Good luck,

Gary :cool:
 

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Discussion Starter #24
Making progress on the sanding. When I remove deck hardware, any suggestions for temporarily plugging fastener holes? The holes are exposed to Chesapeake winter weather and don't want more leaks down below or water in the holes. Almost certainly weeks of time between removal and putting the deck hardware back

Josh
 

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Discussion Starter #26
Update:
Most of the cockpit is sanded to 80 grit smooth. Moving on to 120 grit. Will remove deck hardware and hot those spots with 80/120. Have two rolls of butyl ready for rebedding and plan to countersink ala Mainesail's approach.

Going with two part Interlux for shiny and flat deck portions, KiwiGrip for cockpit floor, and KiwiGrip for cockpit nonskid but rolled with a less aggressive roller.

I don't suspect any wetness in fastener holes but thinking about potting them with epoxy before rebed.

Josh
 

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Discussion Starter #27
One more question:

Is there a recommended ordering between gloss, flat, and non-skid? I recall reading about an ordering somewhere

Josh
 

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One more question:

Is there a recommended ordering between gloss, flat, and non-skid? I recall reading about an ordering somewhere

Josh
I'd recommend ordering Gloss if you want shiny, don't see any time you'd want to order flat, and you should order Non-skid for anywhere that you expect to have to need 'traction' on a wet deck...;););)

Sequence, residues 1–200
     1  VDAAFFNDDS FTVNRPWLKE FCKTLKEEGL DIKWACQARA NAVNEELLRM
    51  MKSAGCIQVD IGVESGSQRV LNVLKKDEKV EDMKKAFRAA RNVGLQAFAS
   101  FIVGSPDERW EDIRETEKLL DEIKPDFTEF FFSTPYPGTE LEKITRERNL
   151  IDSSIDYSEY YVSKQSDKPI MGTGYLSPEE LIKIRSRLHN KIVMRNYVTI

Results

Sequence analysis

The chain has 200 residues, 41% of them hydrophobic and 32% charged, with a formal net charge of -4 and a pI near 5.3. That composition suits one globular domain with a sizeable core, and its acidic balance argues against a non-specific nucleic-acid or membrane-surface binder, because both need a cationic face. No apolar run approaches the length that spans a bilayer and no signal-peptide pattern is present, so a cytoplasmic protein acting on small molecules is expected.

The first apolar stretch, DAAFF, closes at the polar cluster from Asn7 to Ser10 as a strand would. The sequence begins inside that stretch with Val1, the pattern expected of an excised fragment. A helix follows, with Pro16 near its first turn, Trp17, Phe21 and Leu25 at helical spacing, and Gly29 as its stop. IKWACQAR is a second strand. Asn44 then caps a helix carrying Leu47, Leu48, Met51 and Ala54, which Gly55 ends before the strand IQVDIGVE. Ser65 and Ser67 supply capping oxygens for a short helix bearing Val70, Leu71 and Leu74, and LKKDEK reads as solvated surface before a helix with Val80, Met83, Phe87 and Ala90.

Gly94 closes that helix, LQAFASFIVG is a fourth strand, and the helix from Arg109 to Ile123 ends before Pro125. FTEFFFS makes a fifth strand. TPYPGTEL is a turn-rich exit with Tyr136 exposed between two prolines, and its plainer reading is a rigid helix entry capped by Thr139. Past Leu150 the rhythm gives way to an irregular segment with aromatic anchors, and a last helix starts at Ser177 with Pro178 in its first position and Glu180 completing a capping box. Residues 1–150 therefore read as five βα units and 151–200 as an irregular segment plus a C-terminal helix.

Sorry, but seriously, not quite sure what you're asking....
 

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If you are asking about the order of application, apply the gloss first, followed by the non-skid. By doing things in this order, you have very little masking to do when applying the gloss. The masking comes with the application of the non-skid.

Good luck,

Gary :cool:
 

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If you are asking about the order of application, apply the gloss first, followed by the non-skid. By doing things in this order, you have very little masking to do when applying the gloss. The masking comes with the application of the non-skid.

Good luck,

Gary :cool:
Good catch, Gary... must be what he meant. I didn't get that.... and you're right. I did mask both times, (defined the nonskid, sprayed around it, then remasked and sprayed the NS using Awlgrip and Griptex,) but ended up with visible double mask lines in places.. minor, but annoying to me.
 

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I'm going to have to argue that point. If you get any of the gloss paint on the to be painted non skid area, you are going to have to resand that gloss paint overlap or the non skid might not stick. And be extremely careful of using masking tape on fresh paint of any kind. You have a good chance of the fresh paint lifting when removing the tape.
 

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Discussion Starter #32
Apologies for the confusion. I was referring to the order of application. Gloss first seems intuitive. May have to cleanup a few spots before applying non-skid but dealing with gloss on top of fresh non-skid sound not fun
 

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Discussion Starter #33
Getting close to applying the first coat of Interlux PrimeKote. Planning to overlap into nonskid areas. Any issues with applying KiwiGrip over PrimeKote (epoxy based)?

Josh